Can you imagine how thunderstruck Joseph must have been by the angel’s words? What the angel said was crazy. It defied all logic. Virgins don’t get pregnant. Teenage girls don’t give birth to “God with us.” And it made no sense that he—a blue collar, living paycheck-to-paycheck carpenter—would be the earthly father of the promised Messiah.

But Joseph believed the word of the Lord and obeyed God anyway. After the dream ended, he got up and did what the angel had commanded him to do. He “took Mary home as his wife,” but he didn’t consummate the marriage until after Jesus was born. Righteous man that he was, Joseph put God’s needs, Mary’s needs and his miraculously-conceived son’s needs above his own personal needs. Despite the hardships to come and the stigma that he would certainly bear for having married a pregnant woman, Joseph obeyed the word of the Lord.

As I consider the wonderful example of Joseph, three life lessons come to mind. For starters, Lesson #1: Good things can come out of Victorville. In Jesus’ day, Nazarethhad a bad reputation. Even one of Jesus’ apostles asked the question, “Can anything good come out of Nazareth?” Similarly, many people ask, “Can anything good come out of Victorville? Can anything good come out of Adelanto? Can anything good come out of Apple Valley?” And God answers, “Absolutely!” Just as good things came out of Nazareth when God was involved, good things can come out of the Victor Valley when we, like Joseph, walk in humble obedience to the Lord’s commands.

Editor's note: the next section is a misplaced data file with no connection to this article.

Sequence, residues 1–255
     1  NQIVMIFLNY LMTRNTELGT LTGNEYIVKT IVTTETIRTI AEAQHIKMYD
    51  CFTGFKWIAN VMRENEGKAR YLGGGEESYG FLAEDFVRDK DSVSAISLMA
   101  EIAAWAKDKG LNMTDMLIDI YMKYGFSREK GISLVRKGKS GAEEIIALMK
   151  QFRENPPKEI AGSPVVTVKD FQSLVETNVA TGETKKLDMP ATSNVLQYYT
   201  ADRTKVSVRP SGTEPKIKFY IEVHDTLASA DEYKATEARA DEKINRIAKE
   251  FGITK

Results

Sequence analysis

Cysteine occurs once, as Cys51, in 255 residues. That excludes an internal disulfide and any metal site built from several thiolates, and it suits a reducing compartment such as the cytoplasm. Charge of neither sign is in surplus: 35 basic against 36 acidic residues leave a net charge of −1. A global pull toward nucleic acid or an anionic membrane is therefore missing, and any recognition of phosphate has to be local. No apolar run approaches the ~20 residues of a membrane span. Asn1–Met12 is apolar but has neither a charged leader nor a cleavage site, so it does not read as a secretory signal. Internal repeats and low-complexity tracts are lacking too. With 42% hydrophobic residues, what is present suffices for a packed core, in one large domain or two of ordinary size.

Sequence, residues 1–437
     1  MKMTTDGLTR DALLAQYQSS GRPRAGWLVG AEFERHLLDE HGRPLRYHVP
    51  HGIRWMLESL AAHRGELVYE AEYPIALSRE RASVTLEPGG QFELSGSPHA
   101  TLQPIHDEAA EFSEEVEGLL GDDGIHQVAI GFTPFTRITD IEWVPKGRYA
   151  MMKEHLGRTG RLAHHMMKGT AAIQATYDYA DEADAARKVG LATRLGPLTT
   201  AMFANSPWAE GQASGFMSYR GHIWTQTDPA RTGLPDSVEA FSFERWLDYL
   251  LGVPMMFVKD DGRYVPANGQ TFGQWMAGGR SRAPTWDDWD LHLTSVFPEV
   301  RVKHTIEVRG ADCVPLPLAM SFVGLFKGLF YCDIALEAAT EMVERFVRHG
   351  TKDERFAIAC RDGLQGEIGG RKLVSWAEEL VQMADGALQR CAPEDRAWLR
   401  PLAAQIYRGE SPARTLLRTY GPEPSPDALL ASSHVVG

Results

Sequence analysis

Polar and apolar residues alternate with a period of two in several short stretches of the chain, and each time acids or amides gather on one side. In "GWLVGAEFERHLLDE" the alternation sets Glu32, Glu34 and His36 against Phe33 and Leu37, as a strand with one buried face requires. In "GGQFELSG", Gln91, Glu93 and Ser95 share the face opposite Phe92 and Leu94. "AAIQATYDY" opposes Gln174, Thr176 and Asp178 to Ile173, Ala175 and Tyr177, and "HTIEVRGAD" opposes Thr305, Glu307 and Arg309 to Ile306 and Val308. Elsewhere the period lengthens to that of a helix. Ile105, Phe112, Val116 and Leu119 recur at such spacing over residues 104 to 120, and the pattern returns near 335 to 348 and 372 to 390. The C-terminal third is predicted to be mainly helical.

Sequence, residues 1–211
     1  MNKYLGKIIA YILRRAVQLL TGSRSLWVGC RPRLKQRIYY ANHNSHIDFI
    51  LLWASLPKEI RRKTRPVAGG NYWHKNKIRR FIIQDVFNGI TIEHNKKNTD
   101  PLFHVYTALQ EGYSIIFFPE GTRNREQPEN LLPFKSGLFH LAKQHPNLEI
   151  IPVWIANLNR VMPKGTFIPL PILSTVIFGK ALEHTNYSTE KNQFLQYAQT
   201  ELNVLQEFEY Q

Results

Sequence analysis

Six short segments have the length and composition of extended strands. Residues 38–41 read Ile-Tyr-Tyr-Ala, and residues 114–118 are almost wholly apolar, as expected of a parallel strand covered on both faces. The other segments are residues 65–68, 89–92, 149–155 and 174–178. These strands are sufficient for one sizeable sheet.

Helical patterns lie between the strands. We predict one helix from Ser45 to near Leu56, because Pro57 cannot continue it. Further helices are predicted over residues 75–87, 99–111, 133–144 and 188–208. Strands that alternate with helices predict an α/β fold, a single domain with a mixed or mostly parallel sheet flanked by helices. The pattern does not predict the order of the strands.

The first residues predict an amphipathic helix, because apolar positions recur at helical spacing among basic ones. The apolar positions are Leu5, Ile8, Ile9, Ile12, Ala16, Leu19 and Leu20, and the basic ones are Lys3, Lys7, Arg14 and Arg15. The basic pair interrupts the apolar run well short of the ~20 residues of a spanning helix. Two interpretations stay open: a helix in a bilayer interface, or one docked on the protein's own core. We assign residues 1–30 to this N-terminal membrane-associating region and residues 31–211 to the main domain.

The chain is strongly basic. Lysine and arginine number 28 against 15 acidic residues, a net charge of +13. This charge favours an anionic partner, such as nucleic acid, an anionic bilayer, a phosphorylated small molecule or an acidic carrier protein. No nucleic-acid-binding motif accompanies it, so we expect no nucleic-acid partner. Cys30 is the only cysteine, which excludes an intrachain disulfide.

Lesson #2: Maintaining a good reputation with God takes precedence over maintaining a good reputation with man. God has called us to live lives of integrity and, as much as possible, to do what is right in the eyes of everyone. But there are times when choosing to obey God will tarnish our reputation with people. So be it! Just like Joseph, we must always choose to do what is right in God’s eyes. We must obey God, not man. Ultimately, our highest aim as Christians is to be God-pleasers, not man-pleasers.

Lesson #3: Live and celebrate the wonderful life that God created you to live—a life of loving, trusting and obeying Him. The bridge is a pivotal place in the movie “It’s a Wonderful Life.” The first time George stands on the bridge, he is at the end of his rope, feeling completely hopeless. At the end of the movie, he’s back on the bridge but has a new lease on life. What changed? He is still $8,000 in the hole. He still has a warrant out for his arrest. His car is still smashed against a tree. So what changed? His perspective changed. God opened George’s eyes to see the glorious truth that—despite his hardships and difficulties--God had blessed him with a wonderful life. The same was true of Joseph, and the same is true of you. My friends, despite your problems, ask God to open your eyes so that you can see what He sees: Your God-given life is, in a word, “wonderful.”

Dane Davis is the Pastor of First Christian Church in Victorville. For more information,
visit, and join us this Christmas season Sundays at 10 a.m. for our special series: "Simply Christmas."